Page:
What Are Fishing Plugs Used For? (Beginner’s Guide)

Fishing with artificial lures is a common alternative to using livebait. There are many types of lures, and they can come in a whole range of different styles, sizes, shapes and colors. One type of lure used is a fishing plug, you may wonder what fishing plugs are and what are they used for.

Fishing plugs are used to lure predatory fish in to striking. Fishing plugs are a type of hard artificial lure and are used to mimic the natural prey of the predator fish. The two types of fishing plugs are surface and sub-surface plugs, and come in an array of different shapes, sizes, and colors.

Lures are an effective way to attract a bite and catch fish, with different types of conditions suited to different types of lures such as plugs. In this article we shall look at fishing plugs, the different types of plug you can use and how to fish with fishing plugs.

What Are Fishing Plugs?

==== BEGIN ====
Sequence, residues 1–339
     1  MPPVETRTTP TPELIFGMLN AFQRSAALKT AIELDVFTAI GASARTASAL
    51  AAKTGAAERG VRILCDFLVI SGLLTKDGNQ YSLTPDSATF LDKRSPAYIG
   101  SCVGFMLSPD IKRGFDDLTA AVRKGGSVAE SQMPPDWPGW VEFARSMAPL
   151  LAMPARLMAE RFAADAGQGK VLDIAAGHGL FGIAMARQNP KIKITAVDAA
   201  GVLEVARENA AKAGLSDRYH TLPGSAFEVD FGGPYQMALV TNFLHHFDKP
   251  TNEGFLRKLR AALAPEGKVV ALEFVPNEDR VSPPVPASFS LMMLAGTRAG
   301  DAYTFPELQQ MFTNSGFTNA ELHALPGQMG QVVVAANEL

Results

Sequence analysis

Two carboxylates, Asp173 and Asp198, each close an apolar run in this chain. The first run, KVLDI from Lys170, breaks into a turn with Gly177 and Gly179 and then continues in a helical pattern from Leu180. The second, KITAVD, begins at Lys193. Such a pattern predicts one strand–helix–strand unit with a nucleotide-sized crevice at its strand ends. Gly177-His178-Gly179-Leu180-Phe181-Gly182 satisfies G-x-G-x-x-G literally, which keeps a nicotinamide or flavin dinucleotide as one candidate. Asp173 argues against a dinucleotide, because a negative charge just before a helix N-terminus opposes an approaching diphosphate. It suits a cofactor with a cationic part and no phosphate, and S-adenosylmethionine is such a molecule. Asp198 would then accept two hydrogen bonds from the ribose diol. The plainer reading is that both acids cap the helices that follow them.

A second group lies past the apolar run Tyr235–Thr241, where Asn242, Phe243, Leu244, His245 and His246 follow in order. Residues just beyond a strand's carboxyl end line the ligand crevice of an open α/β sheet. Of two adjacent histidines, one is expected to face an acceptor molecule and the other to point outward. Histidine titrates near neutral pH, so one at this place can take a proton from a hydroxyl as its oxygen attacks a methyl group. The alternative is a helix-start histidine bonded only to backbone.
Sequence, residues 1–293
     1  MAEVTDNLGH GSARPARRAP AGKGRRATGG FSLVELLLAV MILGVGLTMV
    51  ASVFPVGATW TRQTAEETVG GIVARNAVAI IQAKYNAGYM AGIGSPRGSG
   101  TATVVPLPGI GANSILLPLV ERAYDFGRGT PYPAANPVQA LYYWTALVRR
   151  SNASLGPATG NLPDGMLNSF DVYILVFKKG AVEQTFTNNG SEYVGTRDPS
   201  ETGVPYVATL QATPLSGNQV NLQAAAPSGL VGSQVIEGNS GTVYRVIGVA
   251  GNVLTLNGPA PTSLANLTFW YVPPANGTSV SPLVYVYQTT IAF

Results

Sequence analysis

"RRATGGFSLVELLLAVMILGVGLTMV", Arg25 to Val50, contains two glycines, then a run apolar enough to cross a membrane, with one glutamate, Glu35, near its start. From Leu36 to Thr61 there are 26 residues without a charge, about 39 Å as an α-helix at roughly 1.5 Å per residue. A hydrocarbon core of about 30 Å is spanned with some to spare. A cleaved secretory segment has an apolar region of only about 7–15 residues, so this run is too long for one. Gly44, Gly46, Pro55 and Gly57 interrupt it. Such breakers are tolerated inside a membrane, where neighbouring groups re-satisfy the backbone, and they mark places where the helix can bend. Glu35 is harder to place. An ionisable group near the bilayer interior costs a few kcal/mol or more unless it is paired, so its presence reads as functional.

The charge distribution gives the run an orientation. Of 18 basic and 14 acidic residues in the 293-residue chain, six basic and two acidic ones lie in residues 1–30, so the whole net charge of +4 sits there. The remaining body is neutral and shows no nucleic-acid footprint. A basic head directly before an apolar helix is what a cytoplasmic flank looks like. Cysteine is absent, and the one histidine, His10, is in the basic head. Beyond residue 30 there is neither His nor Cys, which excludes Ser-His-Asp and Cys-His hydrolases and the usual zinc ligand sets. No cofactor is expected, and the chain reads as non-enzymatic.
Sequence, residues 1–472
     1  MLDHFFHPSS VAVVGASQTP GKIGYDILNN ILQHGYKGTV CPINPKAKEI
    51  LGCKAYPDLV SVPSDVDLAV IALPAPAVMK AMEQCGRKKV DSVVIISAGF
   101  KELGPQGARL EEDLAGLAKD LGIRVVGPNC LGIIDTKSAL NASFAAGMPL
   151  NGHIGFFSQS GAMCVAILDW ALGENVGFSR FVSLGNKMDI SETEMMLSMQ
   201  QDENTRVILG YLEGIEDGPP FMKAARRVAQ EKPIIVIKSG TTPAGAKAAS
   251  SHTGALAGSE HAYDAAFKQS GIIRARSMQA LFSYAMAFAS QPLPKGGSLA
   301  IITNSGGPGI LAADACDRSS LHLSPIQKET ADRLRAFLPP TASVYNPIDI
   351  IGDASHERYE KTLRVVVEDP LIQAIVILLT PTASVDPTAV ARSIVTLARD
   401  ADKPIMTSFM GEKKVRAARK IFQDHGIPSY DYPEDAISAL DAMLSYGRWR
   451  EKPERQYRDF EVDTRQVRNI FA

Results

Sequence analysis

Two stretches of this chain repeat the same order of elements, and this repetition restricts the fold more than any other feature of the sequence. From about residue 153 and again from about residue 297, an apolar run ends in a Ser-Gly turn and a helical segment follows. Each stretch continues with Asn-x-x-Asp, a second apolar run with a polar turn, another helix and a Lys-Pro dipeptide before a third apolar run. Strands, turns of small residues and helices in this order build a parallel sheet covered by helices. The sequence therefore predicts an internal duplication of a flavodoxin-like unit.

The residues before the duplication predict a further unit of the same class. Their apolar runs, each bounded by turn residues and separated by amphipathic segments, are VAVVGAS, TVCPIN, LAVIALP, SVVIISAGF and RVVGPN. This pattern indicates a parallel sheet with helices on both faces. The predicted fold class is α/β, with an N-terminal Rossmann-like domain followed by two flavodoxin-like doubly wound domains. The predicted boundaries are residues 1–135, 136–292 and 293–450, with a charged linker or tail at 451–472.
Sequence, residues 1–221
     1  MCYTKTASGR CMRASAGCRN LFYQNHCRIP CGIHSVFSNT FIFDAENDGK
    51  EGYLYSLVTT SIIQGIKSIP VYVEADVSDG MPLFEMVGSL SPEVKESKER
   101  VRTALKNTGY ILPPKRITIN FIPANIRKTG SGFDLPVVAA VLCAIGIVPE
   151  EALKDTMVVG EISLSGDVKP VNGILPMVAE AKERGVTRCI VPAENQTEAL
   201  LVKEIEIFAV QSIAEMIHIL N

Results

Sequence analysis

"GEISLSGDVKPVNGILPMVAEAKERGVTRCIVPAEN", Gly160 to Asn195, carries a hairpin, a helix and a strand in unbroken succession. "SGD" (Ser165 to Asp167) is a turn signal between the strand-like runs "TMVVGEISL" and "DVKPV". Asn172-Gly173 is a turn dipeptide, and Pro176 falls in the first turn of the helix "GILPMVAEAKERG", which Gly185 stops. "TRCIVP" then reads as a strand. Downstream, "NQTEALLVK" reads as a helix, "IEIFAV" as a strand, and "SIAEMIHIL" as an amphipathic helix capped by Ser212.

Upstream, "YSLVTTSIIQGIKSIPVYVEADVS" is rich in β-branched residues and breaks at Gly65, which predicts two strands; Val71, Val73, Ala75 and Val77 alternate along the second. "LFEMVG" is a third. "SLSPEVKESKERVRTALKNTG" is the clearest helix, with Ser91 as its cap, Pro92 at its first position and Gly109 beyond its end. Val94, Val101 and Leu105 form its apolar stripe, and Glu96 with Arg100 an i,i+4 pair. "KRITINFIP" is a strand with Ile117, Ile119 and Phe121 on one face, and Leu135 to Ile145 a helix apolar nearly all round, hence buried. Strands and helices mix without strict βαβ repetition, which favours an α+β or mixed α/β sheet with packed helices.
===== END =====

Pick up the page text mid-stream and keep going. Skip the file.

Fishing plugs are a type of lure, usually made from plastic or wood. They are designed to mimic the natural prey which predatory fish feed on such as baitfish, crayfish and frogs. Sometimes called crankbaits, fishing plugs come in different shapes and colors to best match the natural food sources.

Fishing plugs can be effectively used in saltwater and freshwater, and while most often associated with bass fishing, plugs can attract a number of other predatory fish, including:

  • Pike
  • Salmon
  • Zander
  • Pollock
  • Mackerel
  • Sea trout
  • Tuna

Fishing Plug Designs

Fishing plugs are designed to be cast out and reeled back in. As well as their look, plugs use movement and the sounds they make in the water to attract fish. Although you would normally try to match the shape and color of the lure to the natural prey of the fish you are targeting, you can also buy plugs in less natural colors like bright pink or orange.